IQ's first release on InsideOut Music America contains some the bands best recording since the amazing comeback album Ever. This also marks the second time IQ has been on a major label, the first of course was in the Menel years when they were signed to Polydor Records.Ron Fuchs
I was at Baja Prog where parts of Dark Matter were debuted. In fact, the lyrics of the epic "Harvest of Souls" was written the night before. Although there are no real change in direction, we still get by far one of the best offerings of the modern symphonic/neo prog genres.
Years ago, I’d say that IQ would be categorized as a neo prog band but they have evolved over the past 11 years to a Symphonic status. There are some nods to genesis here, how can there not be. I think if anything they’re homages rather than cloning that sound..The combination of the amazing instrumentation where the band never steps on each other’s toes and the lyrics make for a solid IQ release. Each of their releases have a special meaning to me, even the ones done by Menel. Remember most prog bands went to the pop direction and stayed. IQ returned to prog after two pop oriented albums. That’s an accomplishment in itself. Genesis never did that, now did they?!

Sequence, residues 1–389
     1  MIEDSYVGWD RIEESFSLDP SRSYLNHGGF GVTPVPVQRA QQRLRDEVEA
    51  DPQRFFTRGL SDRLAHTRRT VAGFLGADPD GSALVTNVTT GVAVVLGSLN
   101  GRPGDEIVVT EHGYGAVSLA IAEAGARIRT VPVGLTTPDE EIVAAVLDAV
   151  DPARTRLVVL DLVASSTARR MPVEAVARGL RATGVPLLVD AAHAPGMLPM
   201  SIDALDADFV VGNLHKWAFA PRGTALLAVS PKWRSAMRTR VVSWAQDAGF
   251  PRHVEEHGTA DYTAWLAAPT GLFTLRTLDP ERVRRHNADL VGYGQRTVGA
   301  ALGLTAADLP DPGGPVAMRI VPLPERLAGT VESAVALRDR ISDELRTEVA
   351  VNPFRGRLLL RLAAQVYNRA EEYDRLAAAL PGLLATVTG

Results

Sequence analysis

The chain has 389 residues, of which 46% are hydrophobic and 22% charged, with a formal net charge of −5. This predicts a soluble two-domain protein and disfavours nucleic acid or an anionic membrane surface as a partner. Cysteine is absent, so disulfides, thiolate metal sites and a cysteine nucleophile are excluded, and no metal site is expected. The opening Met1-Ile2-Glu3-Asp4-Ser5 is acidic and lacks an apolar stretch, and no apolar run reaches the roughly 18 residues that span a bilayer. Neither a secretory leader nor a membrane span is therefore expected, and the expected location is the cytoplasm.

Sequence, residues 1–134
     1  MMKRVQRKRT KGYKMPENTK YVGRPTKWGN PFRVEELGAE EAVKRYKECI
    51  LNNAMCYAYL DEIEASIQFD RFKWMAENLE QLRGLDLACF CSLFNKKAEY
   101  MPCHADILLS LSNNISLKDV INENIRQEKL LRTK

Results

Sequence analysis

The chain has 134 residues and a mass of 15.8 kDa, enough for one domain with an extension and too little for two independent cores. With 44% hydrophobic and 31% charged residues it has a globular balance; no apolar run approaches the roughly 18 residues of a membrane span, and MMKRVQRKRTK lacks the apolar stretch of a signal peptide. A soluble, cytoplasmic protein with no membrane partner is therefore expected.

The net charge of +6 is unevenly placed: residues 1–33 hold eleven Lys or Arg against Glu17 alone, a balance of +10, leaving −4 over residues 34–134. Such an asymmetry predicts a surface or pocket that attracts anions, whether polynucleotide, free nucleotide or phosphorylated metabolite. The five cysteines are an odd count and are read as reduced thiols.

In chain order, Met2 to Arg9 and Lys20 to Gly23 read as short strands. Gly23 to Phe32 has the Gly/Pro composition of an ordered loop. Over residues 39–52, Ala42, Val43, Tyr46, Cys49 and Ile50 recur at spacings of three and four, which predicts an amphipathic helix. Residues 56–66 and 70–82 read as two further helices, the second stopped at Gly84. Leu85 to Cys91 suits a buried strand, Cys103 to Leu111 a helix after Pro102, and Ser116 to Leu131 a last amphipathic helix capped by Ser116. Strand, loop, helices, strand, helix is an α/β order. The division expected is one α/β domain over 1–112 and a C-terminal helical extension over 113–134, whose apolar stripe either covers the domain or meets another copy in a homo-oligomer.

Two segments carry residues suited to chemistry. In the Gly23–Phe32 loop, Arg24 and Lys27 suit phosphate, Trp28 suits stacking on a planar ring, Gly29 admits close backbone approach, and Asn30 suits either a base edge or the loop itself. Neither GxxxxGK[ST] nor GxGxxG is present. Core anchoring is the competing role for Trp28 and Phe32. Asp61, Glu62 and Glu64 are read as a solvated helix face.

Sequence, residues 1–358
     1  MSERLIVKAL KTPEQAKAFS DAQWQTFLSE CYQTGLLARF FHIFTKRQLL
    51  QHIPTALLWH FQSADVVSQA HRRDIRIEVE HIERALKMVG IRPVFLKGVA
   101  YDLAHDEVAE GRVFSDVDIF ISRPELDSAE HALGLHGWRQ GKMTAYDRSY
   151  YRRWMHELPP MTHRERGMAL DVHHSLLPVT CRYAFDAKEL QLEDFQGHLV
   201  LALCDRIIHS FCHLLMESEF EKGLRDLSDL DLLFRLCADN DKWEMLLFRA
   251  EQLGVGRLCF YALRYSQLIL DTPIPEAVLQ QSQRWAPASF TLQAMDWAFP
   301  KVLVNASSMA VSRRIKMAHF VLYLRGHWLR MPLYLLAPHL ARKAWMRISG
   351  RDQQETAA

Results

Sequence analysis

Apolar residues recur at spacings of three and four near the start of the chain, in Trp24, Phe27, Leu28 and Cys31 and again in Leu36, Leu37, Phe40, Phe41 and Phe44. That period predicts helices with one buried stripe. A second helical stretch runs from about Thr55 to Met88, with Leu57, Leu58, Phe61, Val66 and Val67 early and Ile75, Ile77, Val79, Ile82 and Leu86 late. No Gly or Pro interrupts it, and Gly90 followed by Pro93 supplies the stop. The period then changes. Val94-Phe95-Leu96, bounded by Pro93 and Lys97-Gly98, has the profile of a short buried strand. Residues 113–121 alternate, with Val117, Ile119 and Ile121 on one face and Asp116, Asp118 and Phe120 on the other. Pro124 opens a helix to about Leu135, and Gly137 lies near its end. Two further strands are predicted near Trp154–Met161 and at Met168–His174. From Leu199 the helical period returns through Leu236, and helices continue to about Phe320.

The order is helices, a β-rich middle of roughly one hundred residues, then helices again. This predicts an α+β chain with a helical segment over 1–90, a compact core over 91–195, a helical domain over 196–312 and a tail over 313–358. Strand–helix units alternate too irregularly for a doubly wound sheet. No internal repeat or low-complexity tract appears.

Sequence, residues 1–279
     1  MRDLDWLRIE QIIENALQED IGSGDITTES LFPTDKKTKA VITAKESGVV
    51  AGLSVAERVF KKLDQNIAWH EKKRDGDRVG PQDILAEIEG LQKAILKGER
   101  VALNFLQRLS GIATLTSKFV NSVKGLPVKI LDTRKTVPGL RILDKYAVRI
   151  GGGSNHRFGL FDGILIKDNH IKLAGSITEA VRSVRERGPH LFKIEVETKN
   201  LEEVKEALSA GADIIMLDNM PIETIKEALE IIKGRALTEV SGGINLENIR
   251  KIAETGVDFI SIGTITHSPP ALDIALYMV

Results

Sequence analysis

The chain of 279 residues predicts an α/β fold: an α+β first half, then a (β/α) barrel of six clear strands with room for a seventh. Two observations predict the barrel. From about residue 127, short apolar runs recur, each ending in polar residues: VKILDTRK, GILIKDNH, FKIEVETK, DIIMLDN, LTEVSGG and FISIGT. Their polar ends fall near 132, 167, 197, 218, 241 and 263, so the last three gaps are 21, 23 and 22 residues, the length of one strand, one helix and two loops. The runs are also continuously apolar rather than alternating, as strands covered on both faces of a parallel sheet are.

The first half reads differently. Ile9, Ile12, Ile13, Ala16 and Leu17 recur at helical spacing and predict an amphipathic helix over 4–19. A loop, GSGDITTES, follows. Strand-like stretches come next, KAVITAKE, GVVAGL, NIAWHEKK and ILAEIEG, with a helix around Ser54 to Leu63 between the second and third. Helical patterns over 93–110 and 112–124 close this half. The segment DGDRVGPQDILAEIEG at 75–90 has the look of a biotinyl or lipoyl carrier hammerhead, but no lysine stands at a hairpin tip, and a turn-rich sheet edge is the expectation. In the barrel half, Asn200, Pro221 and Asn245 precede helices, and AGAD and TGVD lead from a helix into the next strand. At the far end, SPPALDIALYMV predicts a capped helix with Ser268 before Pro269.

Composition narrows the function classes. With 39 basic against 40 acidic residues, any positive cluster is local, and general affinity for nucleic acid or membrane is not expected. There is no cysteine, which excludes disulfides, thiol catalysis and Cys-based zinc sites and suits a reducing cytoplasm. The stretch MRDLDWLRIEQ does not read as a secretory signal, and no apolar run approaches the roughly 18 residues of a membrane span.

My only complaint, if you can call it that, is the cd is a bit on the short side but with songs like the powerful opener "Sacred Ground" to the dark and foreboding "Red Dust Shadow" that complaint dissolves, But wait there’s more, the afore mentioned epic, Harvest of Souls. Sometimes it’s synonymous with prog to have a 20+ minute epic to be christened a “prog” band. And some of those that add their “epic” never have the flowing structure, both musically and lyrically) of "Harvest of Souls". It’s never forced, and I’m sure the boys would probably gone for a few minutes more. Most reviewers are saying this is no Supper’s Ready but I don’t think that came to mind when they wrote the song.
I am a longtime fan (not a fan boy) of IQ and without a doubt Dark Matter is a great addition to their already wonderful catalog. It’s not ground breaking but solid , wonderful 70's inspired progressive rock release. This IS a must for longtime IQ fans as well as fans of great symphonic based rock. So go to your favorite vendor and get Dark Matter!